David Gordon Green seems to have fun with these new Halloween movies. How else can it be explained why else he’d put all three Silver Shamrock masks from Halloween III: Season of the Witch in his new installment of the Michael Myers saga, Halloween Kills. (It’s funny, because I couldn’t quite make out the logo in the movie of the mask manufacturer, and Green seemed almost offended when I assumed it wouldn’t be from the fine folks at Silver Shamrock. Which kind of tells me Green has more in store for this story-line down the road. Also, if you don’t know the plot of Halloween III: Season of the Witch, well, there’s no way I could even begin to start explaining it here without using at least another 10,000 words.)
In Halloween Kills, we pick off right where Greens’ 2018 Halloween leaves off. And wouldn’t you know it, Michael Myers is still not dead. (It’s starting to feel like Michael will just never learn.) But, ahead, we get into what’s canon from the original movies, what isn’t and why some things Green wanted to use aren’t allowed. (Most having to do with different studios own different movies.) And I make a pitch to Green that both Halloween II and Halloween III should be considered canon again.
Also, Green gives tells us about the next and final Halloween movie in his trilogy, Halloween Ends, and how it will incorporate real world events into its plot.
You know that pointing DiCaprio/Rick Dalton meme? I did that when the Halloween III: Season of the Witch masks show up in this.
Right on. Yeah, a few Easter eggs in there for you.
I just talked to John Carpenter and he had no idea what I was talking about. But people like that movie a lot now. Have you noticed this?
I have. I think it’s aged well. I mean, I think that’s the beauty of this franchise in its whole. People will come to me and say, “Well, why did you not include the narrative of Halloween II? Or that an amazing ending in Halloween IV?” And so, there’s just also so much dialogue in the pros and cons of the franchise as a whole. I love the conversation about it. And Season of the Witch is one that I feel personally is an underappreciated installment, but it’s a little bit of a detour. But I like what they were doing with it. And maybe someone will dust that off and remake that someday.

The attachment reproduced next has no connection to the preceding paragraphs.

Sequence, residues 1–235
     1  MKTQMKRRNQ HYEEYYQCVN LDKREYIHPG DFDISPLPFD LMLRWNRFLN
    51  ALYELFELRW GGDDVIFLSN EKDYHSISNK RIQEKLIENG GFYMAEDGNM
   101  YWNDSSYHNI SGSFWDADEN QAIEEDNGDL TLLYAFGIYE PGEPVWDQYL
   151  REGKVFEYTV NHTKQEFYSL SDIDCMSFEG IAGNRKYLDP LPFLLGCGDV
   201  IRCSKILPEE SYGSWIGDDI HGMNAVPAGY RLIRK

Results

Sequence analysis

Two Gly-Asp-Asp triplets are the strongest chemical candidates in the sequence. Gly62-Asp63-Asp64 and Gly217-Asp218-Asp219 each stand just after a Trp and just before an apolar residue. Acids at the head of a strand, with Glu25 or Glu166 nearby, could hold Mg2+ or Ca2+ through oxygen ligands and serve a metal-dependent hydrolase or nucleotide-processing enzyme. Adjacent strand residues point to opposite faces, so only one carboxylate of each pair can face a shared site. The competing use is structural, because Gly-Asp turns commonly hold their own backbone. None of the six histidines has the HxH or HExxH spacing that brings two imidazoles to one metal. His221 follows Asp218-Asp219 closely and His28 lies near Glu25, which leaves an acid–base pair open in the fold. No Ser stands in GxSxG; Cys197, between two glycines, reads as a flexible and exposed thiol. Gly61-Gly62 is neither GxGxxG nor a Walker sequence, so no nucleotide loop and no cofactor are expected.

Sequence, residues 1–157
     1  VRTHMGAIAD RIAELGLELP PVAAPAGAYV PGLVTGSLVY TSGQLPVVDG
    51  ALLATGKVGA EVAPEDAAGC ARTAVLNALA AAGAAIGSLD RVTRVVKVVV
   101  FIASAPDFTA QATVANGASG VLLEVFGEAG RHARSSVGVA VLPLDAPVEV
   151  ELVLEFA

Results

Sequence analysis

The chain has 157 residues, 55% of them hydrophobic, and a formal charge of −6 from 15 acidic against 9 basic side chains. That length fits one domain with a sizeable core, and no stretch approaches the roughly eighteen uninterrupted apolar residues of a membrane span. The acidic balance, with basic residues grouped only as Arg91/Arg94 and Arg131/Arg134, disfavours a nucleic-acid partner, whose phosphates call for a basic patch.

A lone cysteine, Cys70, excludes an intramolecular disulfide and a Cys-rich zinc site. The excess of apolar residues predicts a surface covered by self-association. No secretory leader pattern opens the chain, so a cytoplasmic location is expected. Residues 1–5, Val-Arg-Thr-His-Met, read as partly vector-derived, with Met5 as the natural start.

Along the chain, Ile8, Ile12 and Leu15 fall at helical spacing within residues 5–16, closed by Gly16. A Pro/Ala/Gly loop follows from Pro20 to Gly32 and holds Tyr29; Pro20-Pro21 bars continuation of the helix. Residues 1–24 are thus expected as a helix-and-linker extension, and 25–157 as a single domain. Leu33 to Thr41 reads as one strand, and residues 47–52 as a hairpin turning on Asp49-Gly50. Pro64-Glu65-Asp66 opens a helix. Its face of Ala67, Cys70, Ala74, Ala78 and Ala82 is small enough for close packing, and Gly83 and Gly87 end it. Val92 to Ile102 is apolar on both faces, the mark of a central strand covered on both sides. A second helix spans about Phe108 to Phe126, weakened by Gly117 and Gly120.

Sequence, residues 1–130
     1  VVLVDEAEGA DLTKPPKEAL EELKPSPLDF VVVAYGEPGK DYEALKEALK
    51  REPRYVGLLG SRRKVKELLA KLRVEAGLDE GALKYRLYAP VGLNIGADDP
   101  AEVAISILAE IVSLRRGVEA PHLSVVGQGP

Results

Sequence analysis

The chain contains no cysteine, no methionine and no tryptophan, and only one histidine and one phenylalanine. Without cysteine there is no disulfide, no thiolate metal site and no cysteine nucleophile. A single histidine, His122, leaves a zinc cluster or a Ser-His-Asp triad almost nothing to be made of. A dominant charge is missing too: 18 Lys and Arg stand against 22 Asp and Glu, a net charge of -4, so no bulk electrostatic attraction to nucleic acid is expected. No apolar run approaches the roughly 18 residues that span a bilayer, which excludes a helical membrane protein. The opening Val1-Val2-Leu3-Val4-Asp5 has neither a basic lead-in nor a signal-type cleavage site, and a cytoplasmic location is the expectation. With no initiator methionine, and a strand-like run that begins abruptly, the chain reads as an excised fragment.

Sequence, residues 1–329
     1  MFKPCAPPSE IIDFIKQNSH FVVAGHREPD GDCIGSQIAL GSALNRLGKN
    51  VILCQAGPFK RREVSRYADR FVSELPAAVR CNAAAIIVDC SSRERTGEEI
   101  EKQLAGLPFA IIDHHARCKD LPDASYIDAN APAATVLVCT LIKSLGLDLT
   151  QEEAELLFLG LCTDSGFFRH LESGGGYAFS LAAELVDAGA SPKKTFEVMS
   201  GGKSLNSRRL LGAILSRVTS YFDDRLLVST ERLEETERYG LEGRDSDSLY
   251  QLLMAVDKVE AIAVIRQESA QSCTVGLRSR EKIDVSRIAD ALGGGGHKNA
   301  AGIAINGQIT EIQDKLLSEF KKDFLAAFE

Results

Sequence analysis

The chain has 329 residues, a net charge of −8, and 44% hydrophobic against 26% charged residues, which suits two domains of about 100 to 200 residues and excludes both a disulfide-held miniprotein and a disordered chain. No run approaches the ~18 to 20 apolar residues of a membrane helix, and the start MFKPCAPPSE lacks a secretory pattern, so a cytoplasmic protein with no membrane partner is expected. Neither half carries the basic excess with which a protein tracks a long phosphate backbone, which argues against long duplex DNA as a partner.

So in the next one, you’re telling me Dr. Dan Challis is going to show up.
[Laughs] He’s going to show up. I mean, but there are so many ways you could take it. It is a tricky job in the writing of it, because there are certain things you’re drawn to do. But, also, a lot of these films have different rights holders. So there are different things you can and can’t do legally. And so you have your creative toolbox, come up with all the ideas, and then you have to propose it to the legal department. “Can I bring this character back? Who owns that? Is this a subplot that we could include or not?” It was certainly a creative choice to exclude most of the narrative of the franchise, but it significantly simplified the legality of it. And whenever I’ve tried to reach into some of the moments that I appreciate from the others, I always get the no-no.
So here, right now, I feel I can convince you that you will announce that Season of the Witch is canon. There’s a scene in Season of the Witch where Dr. Dan Challis is at the bar and he’s watching Halloween on TV. So in his world, Halloween is a movie. So in the world of Season of the Witch, he’s watching Halloween Kills, just like he watched Halloween.
I love that. Yeah, I could buy that.
But then again, the Season of the Witch masks show up in Halloween Kills. I’m assuming they’re not related to the fine folks at Silver Shamrock?
Why do you say that? Why wouldn’t they be Shamrock?
They have the little tags on the back. Yeah.
Oh, they do? So they’ve got pieces of Stonehenge in there, waiting to go?
[Laughs] Yeah, it gets complicated.
Yes, it does.
There’s a lot of wormholes you can find yourself in.
That’s a good pun.
Because of the bugs that come out of the masks…
Ah, there you go. Okay.
I thought that was on purpose.
Yeah, sometimes my subconscious is quicker than my mouth.
You mentioned Halloween II, and you’ve always said these movies are a direct continuation of the first Halloween. Though in your 2018 Halloween, you put in a line in there about Michael and Laurie, “I heard they were brother and sister.” Then the line, “No, someone made that up.” If I want to, personally, I think I could create a world where Halloween II still exists.